Was Peter the author of 2 Peter?

Peter's crucifixion Caravaggio

By A.P,  friend of DCCI.

The authorship of 2 Peter is attacked by many liberal New Testament scholars such as Bart Ehrmann. The claim is that because the Greek writing style of 1 Peter is so strikingly different to 2 Peter, they must have been written by different authors.

However there are good reasons to believe 2 Peter is still authored by Peter. It was common practice at the time to use an amaneunsis (scribe) or secretary to help with letter writing, and that Peter himself needed assistance as we see from 1 Peter 5:12:

With the help of Silas,[a] whom I regard as a faithful brother, I have written to you briefly, encouraging you and testifying that this is the true grace of God. Stand fast in it.”

So it may be the case that Silas was acting as Peter’s amanuensis in 1 Peter whereas 2 Peter was written either by Peter himself or another amanuensis. This was Jerome’s view. So stylistic differences in themselves are not a strong argument against the Petrine authorship of 2 Peter.

Another argument for 2nd Peter’s authenticity is the strong internal evidence. Peter claims authorship right at the beginning of the letter:

Simon Peter, a servant and apostle of Jesus Christ,

To those who through the righteousness of our God and Savior Jesus Christ have received a faith as precious as ours:

Grace and peace be yours in abundance through the knowledge of God and of Jesus our Lord.”

He also says it is his second letter to the churches:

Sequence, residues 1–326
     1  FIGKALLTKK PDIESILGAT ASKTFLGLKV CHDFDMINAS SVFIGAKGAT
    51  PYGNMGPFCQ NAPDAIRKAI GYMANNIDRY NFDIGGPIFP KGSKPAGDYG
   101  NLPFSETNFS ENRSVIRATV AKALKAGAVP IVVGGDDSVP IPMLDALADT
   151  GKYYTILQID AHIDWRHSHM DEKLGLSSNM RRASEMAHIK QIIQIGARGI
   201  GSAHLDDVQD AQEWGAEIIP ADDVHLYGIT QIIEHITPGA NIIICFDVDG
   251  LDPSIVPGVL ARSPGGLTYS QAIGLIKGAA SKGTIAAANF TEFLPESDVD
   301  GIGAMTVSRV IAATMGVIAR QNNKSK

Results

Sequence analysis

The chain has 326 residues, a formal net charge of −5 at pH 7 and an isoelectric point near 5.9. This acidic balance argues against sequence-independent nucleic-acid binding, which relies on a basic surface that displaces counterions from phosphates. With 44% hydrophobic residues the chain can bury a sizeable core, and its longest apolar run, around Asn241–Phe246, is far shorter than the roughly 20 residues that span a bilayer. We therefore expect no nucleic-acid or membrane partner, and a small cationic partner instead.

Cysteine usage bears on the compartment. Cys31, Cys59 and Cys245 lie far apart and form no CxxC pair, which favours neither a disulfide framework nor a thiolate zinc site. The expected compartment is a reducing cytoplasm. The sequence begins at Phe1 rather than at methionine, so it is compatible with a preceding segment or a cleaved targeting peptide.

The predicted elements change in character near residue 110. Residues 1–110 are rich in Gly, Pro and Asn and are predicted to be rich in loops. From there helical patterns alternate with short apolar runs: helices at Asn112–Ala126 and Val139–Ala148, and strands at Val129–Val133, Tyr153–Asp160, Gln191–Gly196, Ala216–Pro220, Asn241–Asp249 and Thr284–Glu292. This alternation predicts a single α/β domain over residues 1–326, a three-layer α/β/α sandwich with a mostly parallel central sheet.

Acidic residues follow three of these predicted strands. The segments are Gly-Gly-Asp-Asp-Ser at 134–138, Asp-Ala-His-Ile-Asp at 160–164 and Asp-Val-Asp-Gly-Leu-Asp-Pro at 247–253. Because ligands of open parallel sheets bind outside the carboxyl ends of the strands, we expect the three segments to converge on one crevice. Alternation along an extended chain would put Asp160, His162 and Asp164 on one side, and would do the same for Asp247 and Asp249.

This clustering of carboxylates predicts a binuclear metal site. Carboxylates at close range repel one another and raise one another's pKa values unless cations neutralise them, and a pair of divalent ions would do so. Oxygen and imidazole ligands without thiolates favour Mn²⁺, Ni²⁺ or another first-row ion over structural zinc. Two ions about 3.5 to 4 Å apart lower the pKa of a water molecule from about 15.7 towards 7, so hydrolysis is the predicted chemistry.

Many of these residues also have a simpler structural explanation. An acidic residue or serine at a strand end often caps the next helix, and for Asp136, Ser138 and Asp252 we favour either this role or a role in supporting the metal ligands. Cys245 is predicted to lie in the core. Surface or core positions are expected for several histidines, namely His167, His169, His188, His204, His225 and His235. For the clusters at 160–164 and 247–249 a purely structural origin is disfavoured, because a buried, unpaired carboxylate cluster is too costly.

Dear friends, this is now my second letter to you

It claims to come from an eye-witness of Jesus:

 “For we did not follow cleverly devised stories when we told you about the coming of our Lord Jesus Christ in power, but we were eyewitnesses of his majesty. 17 He received honor and glory from God the Father when the voice came to him from the Majestic Glory, saying, “This is my Son, whom I love; with him I am well pleased.”[b] 18 We ourselves heard this voice that came from heaven when we were with him on the sacred mountain.”

The author uses the same words in 2 Peter 1:17 as the transfiguration account in Matthew 17:5:

“While he was still speaking, a bright cloud covered them, and a voice from the cloud said, “This is my Son, whom I love; with him I am well pleased. Listen to him!” (Matthew 17:5)

 “He received honor and glory from God the Father when the voice came to him from the Majestic Glory, saying, “This is my Son, whom I love; with him I am well pleased.” (2 Peter 1:17)

Is the author just plagiarising Matthew? Or does the author remember the words the same way because he was actually there? Peter seems to be making that very point – unless the author is a brazen liar.

The author of 2 Peter is also fully aware of the writings of Paul and calls him “our beloved brother” (2 Peter 3:15-16). Peter and Paul knew each other personally; Galatians 1 and 2 tells us that Paul became acquainted with Peter three years after his conversion  and that Peter, James and John  “extended the right hand of fellowship” to Paul.  The way the author writes about Paul in the present tense suggests he is still alive and they are contemporaries:

Bear in mind that our Lord’s patience means salvation, just as our dear brother Paul also wrote you with the wisdom that God gave him. 16 He writes the same way in all his letters, speaking in them of these matters. His letters contain some things that are hard to understand, which ignorant and unstable people distort, as they do the other Scriptures, to their own destruction.” (2 Peter 3:16)